Remarks on the Surface Area and Equality Conditions in Regular Forms. Part I: Triangular Prisms
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Abstract
This work presents four mathematical remarks concluded from the mathematical analysis for the interrelationships between the dependent and independent variables that control the measures: perimeter, floor area, walls surface area and total surface area in the regular forms that have a given volume. Such forms include prismatic and pyramidal forms. The work consists of four parts, of which this first part presents the remarks of the isosceles triangular right prism. The first remark examines the effect of θ, the angle of the triangular base, on the total surface area. The second remark calculates the minimum total surface area in two cases, depending on whether angle θ is constant or variable. The third remark calculates the walls ratio and the critical walls ratio. The last remark studies the required conditions for the numerical equality in two cases, where the perimeter is equal to the area, and where the total surface area is equal to the volume.
Keywords
Trigonometry Algebra Differential equations Volume Area Total surface area Perimeter Regular polygons Right triangular prisms Minimum total surface area Walls ratio Numerical equalityIntroduction
Form is the visual appearance of a threedimensional object, and is often the main target in the architectural design. Form and space create the ambient world in which we live and experience our environment. According to Francis Ching, the form is established “… by the shapes and interrelationships of the planes that describe the boundaries of the volume” (Ching 2007, p. 28).
Mathematically, the perimeter (Per), floor area (Ar), total surface area (S) and volume (V) are four basic measures that can describe numerically any form. For our purposes here, a fifth value is also significant, θ, the angle of a triangular base. The interest in area and volume calculations has been started very early. It may go back to the period of the ancient Greeks (ca. eighth–sixth century BC) who calculated formulas to measure areas of simple geometrical shapes. Further, the ancient Greeks measured volumes according to their dry or liquid conditions suited, respectively to measuring grain and wine. In his “Elements”, Euclid presented many axioms and postulates related to the area of simple geometrical shapes. Nowadays, the methods and formulas to calculate Per, Ar, S and V for the common forms are almost available in every mathematical textbook [see, for example, (Ferguson and Piggott 1923; Bird 2003; Gieck and Gieck 2006)].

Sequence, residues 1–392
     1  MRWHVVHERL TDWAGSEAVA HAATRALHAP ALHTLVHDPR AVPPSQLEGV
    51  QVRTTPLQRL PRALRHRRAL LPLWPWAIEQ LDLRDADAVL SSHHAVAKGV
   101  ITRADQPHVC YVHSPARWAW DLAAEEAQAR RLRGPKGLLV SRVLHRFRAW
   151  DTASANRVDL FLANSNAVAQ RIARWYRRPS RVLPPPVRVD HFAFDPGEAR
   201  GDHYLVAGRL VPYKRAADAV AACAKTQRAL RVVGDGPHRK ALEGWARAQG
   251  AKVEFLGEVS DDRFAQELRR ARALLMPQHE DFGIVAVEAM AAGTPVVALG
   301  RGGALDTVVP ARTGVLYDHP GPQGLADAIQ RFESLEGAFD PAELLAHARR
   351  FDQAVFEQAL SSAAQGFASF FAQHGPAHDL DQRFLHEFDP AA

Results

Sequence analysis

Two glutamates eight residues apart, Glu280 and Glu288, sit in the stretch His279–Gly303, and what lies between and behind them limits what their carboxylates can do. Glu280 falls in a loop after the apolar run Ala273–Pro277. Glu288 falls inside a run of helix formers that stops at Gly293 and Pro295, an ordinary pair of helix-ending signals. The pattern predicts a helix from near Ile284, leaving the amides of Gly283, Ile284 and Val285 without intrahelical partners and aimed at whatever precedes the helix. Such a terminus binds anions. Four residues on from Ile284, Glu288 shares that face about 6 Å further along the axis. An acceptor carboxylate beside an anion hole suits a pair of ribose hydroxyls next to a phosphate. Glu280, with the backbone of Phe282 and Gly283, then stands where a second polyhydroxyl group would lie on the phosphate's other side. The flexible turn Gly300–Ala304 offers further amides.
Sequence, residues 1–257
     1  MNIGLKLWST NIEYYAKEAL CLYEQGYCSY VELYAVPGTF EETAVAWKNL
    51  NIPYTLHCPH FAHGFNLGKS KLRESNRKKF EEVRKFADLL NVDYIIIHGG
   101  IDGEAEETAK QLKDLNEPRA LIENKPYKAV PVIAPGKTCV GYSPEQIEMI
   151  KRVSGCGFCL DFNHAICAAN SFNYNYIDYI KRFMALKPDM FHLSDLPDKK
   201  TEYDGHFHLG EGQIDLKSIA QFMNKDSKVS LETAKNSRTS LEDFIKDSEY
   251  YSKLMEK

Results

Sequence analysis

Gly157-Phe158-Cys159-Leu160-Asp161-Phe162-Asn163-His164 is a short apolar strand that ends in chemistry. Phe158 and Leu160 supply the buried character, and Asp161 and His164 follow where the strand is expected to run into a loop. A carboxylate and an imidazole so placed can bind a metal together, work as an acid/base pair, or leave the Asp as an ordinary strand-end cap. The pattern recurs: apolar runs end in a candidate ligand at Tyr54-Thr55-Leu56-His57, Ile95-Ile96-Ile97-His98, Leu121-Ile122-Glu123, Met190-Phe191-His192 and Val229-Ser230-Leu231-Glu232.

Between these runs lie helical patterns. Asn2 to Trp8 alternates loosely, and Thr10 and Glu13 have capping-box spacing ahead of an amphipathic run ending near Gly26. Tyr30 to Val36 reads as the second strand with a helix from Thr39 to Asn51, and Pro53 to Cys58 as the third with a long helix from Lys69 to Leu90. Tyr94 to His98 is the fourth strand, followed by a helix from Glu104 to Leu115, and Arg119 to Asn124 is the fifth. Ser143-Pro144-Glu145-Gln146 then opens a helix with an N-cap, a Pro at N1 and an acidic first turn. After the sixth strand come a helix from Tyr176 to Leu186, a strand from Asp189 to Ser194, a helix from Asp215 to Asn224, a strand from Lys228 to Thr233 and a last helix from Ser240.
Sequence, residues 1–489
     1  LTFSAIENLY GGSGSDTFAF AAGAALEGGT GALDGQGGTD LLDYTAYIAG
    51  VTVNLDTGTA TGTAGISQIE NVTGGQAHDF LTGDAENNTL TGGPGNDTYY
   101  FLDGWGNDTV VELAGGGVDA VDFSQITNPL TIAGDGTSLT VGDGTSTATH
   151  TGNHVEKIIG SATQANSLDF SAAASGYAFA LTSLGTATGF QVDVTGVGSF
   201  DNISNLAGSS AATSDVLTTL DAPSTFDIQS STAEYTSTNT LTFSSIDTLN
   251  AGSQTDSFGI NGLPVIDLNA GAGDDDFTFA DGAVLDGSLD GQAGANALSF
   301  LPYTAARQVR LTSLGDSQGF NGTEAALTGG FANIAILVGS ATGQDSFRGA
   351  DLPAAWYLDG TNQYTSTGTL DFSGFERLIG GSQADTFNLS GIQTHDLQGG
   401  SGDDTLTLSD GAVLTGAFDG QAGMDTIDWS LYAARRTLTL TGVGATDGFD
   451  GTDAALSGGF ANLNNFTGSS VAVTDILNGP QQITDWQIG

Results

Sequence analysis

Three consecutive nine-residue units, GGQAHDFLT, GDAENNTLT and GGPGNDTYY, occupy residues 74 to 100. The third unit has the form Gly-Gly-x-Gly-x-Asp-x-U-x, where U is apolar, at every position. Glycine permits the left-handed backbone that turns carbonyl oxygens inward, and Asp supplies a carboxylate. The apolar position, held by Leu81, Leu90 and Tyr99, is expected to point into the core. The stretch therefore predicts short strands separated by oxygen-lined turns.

In modern advanced building analysis and design (such as room acoustics, artificial or day lighting and environmental control), areas and volumes are crucial measures. For example, in room acoustics, the ratio between Per and Ar determines the shape factor Sh _{ f }. Also, the ratio between V and S of a room determines its mean free path l and reverberation time T (Sabine 1993), both are basic measures in room acoustics (Elkhateeb 2012). In artificial lighting, room area is a main measure in the calculation of room cavity ratios that is a basic factor in lighting design (Grondzik et al. 2006). In environmental control, the areas of walls and/or roofs that face directly the sun control the amount of heat that transfers to the interior of a room according to the thermal connectivity and resistivity of their materials (Konya 2011). Thus, it is important for architects and practitioners in this field to be aware about the mathematical characteristics of these two measures (area and volume) and how they affect each other.
 The first includes all of the right prisms that have regular bases according to the definition of the term “regular” as used through this work (see Sect. “Definition of “Regular Forms” in this Work”). The plan is to cover the entire range of the regular basic shapes (from the triangle, to the circle). This group will be addressed in the first three parts of the work:

Part I: triangular prisms (this present paper);

Part II: quadratic prisms (including both: rectangle and trapezoid);

Part III: multisides prisms (from pentagon to circle).


The second includes all of the right regular pyramids either complete or incomplete (frustum of right pyramid). The base(s) has to be also a regular shape. These will be discussed in Part IV.
Definition of “Regular Forms” in this Work